Guidelines - Headaches Associated with Neck Pain

Scope and Purpose

Objective: This guideline aims to provide non-pharmacological recommendations for the management of persistent headaches associated with neck pain. This guideline aims to: 1) accelerate recovery; 2) reduce the intensity of symptoms; 3) promote early restoration of function; 4) prevent chronic pain and disability; 5) improve health-related quality of life; 6) reduce recurrences; 7) promote active participation of patients in their care; 8) promote uniform high-quality care. 

CCGI Guideline Summary

 

Target population: 

  • Adults (18 years of age or older) with persistent (>3 months duration) headaches associated with neck pain. This includes tension-type (episodic or chronic) and cervicogenic headaches. 

Title of guideline: Management of neck pain and associated disorders

Author(s): Ontario Protocol for Traffic Injury Management (OPTIMa) Collaboration

Year of publication: 2016

Link to full guideline: Link

Wording of Recommendations

 

This guideline adapted the National Institutes for Health and Care Excellence methodology to develop the wording of guideline recommendations:

  • Offer: interventions that are of superior effectiveness compared to other interventions, placebo/sham interventions or no intervention

  • Consider: interventions providing similar effectiveness to other interventions

  • Do Not Offer: interventions providing no benefit beyond placebo/sham or are harmful

  • Inconclusive Evidence: evidence was deemed inconclusive when the results of multiple low risk of bias studies conflicted

Key Recommendations

Assessment:

  • Clinicians should rule out risk factors for serious pathologies (e.g., migraines with or without aura, and traumatic brain injuries) as the cause of presenting signs and symptoms (red flags)

  • Once major pathology has been ruled out, clinicians should classify headaches as tension-type or cervicogenic headaches

  • Conduct ongoing assessment for symptom improvement or progression during intervention and refer accordingly

  • Discharge patients as appropriate at any point during intervention and recovery

Education and self-management:

  • Clinicians should provide care in partnership with the patient and involve the patient in care planning and decision-making

    • Aim to understand the patient’s beliefs and expectations about headaches and address any misunderstandings or apprehension through education and reassurance​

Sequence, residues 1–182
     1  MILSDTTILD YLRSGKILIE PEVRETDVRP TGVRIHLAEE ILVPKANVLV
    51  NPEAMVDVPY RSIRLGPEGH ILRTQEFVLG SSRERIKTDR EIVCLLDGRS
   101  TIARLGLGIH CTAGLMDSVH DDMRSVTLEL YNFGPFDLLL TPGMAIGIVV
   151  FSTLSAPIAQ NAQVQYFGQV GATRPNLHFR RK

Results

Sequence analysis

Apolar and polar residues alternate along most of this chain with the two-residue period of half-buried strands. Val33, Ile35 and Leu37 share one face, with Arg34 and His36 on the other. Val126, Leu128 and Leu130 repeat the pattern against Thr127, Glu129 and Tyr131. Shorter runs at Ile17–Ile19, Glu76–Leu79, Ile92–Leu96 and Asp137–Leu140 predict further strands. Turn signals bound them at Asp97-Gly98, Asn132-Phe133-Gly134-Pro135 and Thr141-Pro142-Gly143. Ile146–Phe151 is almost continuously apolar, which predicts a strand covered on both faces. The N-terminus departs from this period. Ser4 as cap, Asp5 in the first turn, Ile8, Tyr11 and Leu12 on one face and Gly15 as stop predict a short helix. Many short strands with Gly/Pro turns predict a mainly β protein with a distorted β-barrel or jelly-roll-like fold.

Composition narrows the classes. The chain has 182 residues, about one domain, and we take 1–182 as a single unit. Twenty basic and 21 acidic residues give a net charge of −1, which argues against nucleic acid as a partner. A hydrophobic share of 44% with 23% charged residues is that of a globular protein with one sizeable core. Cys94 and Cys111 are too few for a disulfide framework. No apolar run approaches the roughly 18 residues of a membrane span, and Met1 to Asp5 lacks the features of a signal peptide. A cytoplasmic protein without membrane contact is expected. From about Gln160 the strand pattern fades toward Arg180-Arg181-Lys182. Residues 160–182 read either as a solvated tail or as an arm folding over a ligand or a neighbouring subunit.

• Provide information about the nature, management and course of headaches associated with neck pain as a framework for the initiation of the programme of care​

  • Advise patients to stay active or exercise, provide information about pain and its mechanisms, reassure patients about the nature and course of headaches, and deliver time-limited care that includes effective management

  • In the presence of prognostic factors (e.g., psychosocial factors, demographics and headache characteristics) for delayed recovery, clinicians should discuss them with the patient and adjust their care plan accordingly

Treatment

For persistent cervicogenic headaches (>3 months):

Based on shared-decision making between the patient and provider, the following therapeutic interventions are recommended*:

  • Provide information about the nature, management and course of headaches associated with neck pain as a framework for the initiation of the programme of care

  • Clinicians may consider low-load endurance craniocervical and cervicoscapular exercises with resistance

    • Limited to a maximum of 8 sessions over 6 weeks. This involves supervised and home-based low-load endurance exercises against resistance over time to train muscular control of the craniocervical and cervicoscapular region. The exercise programme should be taught to the patient by a healthcare professional​

  • Clinicians may consider manual therapy (manipulation with or without mobilization) to the cervical and thoracic spine​

    • Limited to a maximum of 10 sessions over 6 weeks​

  • Clinicians should not offer a multimodal programme of care that includes a combination of exercise, spinal manipulation and spinal mobilization​ª

 

For episodic tension-type headaches (>3 months):

Based on shared-decision making between the patient and provider, the following therapeutic interventions are recommended:

  • Provide information about the nature, management and course of headaches associated with neck pain as a framework for the initiation of the programme of care